Monday, March 25, 2013

We're back.

Back from Congo.

It's hard to put into words our gratitude for all the Lord did  in such a short period of time.

Congo is a backward country.


Full of corruption.

Cursed because of its continued involvement in demonism and witchcraft, murder, and compromise.


This results in things taking much longer to get done.


Rise of the prince of the power of the air.



This is a way of life in the land.  It's a land of setbacks.

But God always wins.

In spite of the delays, primitive conditions, corruption, tribalism,  roadblocks. the rise of the prince of

the power of the air, and barriers.

These obstacles are nothing to Him.

We stand amazed because:

The team from America who came to repair Radio Glory couldn't have been better..

The repaired transmitter was installed only a day after Alan arrived.  Listeners were thrtilled.

The 300' tower was completely painted in just 4 days without incident or accident.

They were all easy to please and cook for, spiritual men who love God.

They worked long and hard hours going way above and beyond their duty.

Two weeks of service from all of them, who only asked that their expenses be paid and food and

accommodations be provided.    No charge for labor.  Godsends.

Wonderful blessings.

The Lord brought another missionary friend, Dan, from Kinshasa, who worked on our Wood-Mizer

Sawmill, vehicles, and other projects.  Another wonderful blessing.

We laughed at Congo's way of life for a time.

Radio Glory's mission was accomplished in record time.

Now, there were obstacles, delays, broken down trucks, a village that told us to get out when we went

there for evangelism, problems with two staff people, and other problems.

But our hearts are full of praise and gratitude at what did get done.

Hearts are still very hungry in Congo.

We have invitation after invitation from villages asking that our team come and preach.

When things are accomplished, everyone quickly recognizes that the power is not of us but of God.

Life for the most part is very basic.

The level of gratitude is much higher than here.

One's life can count for much because the needs are so great, and there are so many open doors.

That's where we are called, so it doesn't get any better.

Tuesday, January 15, 2013

God dropped one on us

and This week started out as recent weeks have:

Trying to get all of our 2011 receipts ready to make our IRS return - ugh!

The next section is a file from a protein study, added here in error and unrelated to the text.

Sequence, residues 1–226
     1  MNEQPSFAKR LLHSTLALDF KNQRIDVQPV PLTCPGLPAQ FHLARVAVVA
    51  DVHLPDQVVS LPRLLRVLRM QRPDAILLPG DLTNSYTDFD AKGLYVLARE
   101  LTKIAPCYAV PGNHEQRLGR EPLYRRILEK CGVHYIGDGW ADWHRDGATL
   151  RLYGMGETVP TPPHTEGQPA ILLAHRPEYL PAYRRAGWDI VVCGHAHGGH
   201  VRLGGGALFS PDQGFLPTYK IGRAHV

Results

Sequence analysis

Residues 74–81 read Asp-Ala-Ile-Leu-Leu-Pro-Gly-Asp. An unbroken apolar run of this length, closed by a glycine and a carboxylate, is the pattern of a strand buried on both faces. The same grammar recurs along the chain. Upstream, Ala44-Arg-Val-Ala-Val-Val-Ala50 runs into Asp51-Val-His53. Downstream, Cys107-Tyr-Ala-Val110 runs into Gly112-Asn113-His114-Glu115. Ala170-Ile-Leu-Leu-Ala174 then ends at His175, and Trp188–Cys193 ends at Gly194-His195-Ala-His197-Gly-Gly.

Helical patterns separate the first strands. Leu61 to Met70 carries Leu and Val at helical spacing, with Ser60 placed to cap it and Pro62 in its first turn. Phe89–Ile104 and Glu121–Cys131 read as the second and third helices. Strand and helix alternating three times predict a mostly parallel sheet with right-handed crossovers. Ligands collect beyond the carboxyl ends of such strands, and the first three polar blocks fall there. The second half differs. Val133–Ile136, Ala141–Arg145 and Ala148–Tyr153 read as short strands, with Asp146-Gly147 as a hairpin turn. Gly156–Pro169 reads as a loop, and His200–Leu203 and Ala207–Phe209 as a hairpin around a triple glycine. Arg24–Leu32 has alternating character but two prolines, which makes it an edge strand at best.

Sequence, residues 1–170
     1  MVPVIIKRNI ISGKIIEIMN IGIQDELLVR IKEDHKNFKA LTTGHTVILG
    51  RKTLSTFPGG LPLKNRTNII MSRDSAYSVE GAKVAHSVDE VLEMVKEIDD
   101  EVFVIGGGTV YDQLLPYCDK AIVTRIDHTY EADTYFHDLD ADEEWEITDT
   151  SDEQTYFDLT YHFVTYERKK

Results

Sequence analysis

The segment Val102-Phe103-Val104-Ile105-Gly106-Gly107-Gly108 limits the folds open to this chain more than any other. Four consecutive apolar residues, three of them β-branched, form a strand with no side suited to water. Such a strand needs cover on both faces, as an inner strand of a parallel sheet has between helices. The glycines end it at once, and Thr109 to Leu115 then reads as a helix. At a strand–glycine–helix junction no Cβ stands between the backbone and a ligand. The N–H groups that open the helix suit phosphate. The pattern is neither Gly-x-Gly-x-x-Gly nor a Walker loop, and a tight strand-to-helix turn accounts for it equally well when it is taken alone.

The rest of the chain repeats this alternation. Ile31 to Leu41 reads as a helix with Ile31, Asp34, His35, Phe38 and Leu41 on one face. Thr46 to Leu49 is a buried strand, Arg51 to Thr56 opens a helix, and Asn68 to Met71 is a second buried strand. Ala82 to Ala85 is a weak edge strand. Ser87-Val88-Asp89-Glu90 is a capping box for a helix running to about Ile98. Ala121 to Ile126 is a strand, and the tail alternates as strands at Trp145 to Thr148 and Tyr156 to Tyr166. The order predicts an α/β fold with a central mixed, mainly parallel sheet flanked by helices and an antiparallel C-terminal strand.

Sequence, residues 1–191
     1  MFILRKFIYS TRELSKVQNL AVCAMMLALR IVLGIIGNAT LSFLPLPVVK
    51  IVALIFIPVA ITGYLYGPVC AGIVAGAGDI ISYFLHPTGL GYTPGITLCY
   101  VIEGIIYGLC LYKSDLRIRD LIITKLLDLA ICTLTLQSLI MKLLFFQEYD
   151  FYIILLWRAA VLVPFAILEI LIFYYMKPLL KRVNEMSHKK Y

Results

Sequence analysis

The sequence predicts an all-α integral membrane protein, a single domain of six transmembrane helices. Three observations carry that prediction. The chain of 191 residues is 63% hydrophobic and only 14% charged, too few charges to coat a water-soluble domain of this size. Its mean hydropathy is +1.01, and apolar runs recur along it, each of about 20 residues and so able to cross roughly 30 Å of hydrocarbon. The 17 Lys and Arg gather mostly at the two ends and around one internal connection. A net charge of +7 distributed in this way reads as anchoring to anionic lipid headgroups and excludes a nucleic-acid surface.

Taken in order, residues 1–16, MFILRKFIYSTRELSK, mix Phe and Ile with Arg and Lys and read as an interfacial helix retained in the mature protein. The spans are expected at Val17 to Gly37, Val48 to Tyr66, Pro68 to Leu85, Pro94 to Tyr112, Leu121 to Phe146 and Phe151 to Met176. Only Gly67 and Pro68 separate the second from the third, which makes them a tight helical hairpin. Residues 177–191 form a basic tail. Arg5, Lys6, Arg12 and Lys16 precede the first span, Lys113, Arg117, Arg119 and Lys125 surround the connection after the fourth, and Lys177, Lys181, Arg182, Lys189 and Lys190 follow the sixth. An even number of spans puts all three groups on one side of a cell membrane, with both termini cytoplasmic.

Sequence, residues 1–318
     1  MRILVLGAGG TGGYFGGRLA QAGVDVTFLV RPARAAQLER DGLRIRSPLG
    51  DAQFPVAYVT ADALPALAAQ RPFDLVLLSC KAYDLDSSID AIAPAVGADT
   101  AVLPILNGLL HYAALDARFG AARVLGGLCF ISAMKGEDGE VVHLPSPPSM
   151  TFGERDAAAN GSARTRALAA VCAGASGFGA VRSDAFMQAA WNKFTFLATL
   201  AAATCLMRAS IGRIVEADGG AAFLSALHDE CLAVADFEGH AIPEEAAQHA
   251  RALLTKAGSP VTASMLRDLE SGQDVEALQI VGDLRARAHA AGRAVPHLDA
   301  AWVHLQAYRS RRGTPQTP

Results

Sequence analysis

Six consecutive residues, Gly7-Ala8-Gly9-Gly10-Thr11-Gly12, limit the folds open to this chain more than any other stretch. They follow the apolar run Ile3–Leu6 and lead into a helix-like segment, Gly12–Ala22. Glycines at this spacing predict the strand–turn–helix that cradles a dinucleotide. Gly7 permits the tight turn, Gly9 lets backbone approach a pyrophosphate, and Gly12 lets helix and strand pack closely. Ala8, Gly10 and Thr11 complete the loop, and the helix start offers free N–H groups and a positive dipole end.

Doing some fun bookkeeping of last summer's trip to Congo

Sorting of clothes, food, and other goods that we will take to Congo on Feb 1

Preparing to teach Obadiah to the ladies at Ntshiangobo up the hill, many of whom have graduated from our Women's Literacy Center and after being under the leadership of the late Pastor Kilundu and now Pastor Kilasi an his wife (who is now attending LBI), are ready for some verse by verse study

Preparing to teach Haggai to the new students of Laban Bible Institute and the Women's Literacy School at Mbila.  These studies must be translated into Kituba, which is tedious for me.

Making phone calls to see who is coming to our Send Off Dinner in Michigan on Jan 24

Writing letters to inform our supporters what we'll be up to in Congo

Getting a newsletter written, printed, and sent out

Getting a special form letter of invitation to the Send Off Dinner

Translating new songs from English to Kituba with Jim and our daughter Nicol

Family time

And. . . squeezing in fun luncheons and dinners with new friends

Well, in the middle of all this deliciousness, our son-in-law, Rob, comes downstairs (we live in the lower level of their home) and says. . .

"I want to go to Congo."

What?  Amazing!

Even more amazing is that in the last week, more than half of what he will need to make the trip has come in.

We have prayed for Rob to be able to go for years!

And this week, God just dumped that one into our lap.

He is a civil engineer, which means he can look over water potential, including where we might put wells, survey waste water needs for the clinic we began to build, appraise all buildings on the mission, including the houses Dr. Smith built, as well as the ones for our pastors, Laban Bible Institute, Radio Glory, etc.

It's almost like God snuck this one up on us.  I say this with all due respect!

What a wonderful surprise.

We leave in just 17 days!  Yikes!!

Here's what I am asking you to do. . .


Rob still needs his visa.

We still need our new passports and transferred permanent visas which must be taken from our expired passports and transferred to our new passports--all this done in Congo.  Please pray for them to return to us soon!  Someone is going to the designated office everyday to check on their status.